Crop Prices Consolidate Under Long-term Resistance.

Crop prices stabilized a bit under Long-term resistance at 16.23.  The Cycles Model suggests that strength may resume later this week and run strong through the rest of November.

(Agriculture) With a return to normal weather, farmers will expand vastly their corn and soybean plantings next year — enough to produce their largest corn crop ever and the fourth-largest soybean crop, according to USDA’s agricultural projections. Bumper crops will drive down market prices in the near term and create huge stockpiles that will take years to whittle down.

Meanwhile, economic growth will slow in the U.S. to less than 2% annually, constraining domestic demand for food and fiber, said the projections released on Friday. Growth would slow as well in Japan, rise in Canada, Mexico, and South Korea and hold steady in the EU. Canada, Mexico, the EU, Japan, and South Korea, in that order, are the top customers for U.S. farm exports.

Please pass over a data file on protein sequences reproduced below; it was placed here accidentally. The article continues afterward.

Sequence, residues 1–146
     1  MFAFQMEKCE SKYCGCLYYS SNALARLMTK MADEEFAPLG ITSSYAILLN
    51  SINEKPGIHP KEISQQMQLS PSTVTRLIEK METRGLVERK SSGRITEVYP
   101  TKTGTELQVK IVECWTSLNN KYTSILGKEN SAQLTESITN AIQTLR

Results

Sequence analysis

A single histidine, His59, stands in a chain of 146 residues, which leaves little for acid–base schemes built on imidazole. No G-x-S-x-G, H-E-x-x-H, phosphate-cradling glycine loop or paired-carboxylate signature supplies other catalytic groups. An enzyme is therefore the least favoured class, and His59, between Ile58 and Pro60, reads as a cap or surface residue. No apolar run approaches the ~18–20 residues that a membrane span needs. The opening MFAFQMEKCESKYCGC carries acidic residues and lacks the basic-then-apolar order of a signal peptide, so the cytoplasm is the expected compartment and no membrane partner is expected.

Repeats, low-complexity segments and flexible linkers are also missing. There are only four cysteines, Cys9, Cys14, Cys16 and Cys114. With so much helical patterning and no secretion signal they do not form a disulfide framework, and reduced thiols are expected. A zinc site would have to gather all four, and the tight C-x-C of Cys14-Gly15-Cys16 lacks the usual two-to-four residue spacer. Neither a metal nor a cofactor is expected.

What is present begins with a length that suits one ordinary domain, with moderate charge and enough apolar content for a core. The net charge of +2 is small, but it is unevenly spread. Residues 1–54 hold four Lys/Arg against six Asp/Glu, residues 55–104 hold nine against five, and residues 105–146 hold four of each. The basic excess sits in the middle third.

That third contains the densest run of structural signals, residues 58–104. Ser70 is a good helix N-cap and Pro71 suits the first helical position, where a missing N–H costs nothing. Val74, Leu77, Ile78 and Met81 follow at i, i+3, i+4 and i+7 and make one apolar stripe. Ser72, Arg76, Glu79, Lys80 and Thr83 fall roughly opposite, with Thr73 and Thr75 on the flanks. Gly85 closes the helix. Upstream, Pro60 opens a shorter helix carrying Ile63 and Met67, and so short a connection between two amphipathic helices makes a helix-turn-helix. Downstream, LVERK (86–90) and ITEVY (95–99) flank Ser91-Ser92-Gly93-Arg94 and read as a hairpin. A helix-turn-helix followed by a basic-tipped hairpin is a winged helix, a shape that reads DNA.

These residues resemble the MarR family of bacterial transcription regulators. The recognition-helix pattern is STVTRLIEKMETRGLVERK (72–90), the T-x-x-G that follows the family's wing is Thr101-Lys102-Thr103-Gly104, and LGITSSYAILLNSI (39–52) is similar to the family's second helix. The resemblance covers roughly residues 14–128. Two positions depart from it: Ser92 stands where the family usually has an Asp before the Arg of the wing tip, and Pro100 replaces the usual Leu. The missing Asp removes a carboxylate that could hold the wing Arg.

Shanghai Composite Repelled Again at Mid-Cycle Resistance.

The Shanghai Composite declined after being repelled at mid-Cycle resistance at 2998.99 and closed beneath Short-term support at 2973.17.  The space between the mid-Cycle resistance and Long-term support is narrowing and may be due for a breakdown with a new low by mid-December.

(ZeroHedge) The bizarre disconnect at the heart of China’s market pricing engine is getting bigger with every passing month.

Whereas in the 2009-2015 period, China’s consumer and producer (or wholesale) prices tended to track each other largely tick for tick, sometime in the beginning of 2016, roughly when global leaders decided at the Shanghai Accord to reflate the global economy by unleashing a massive Chinese credit impulse…

… China’s PPI soared higher, which in turn allowed China to rapidly export inflation across the globe, prompting central banks to confuse China’s latest credit reflation blast with a coordinated global recovery and tighten financial conditions, something which at the end of 2018 they promptly realized was a mistake after global markets tumbled, resulting in the latest global wave of coordinated central bank easing.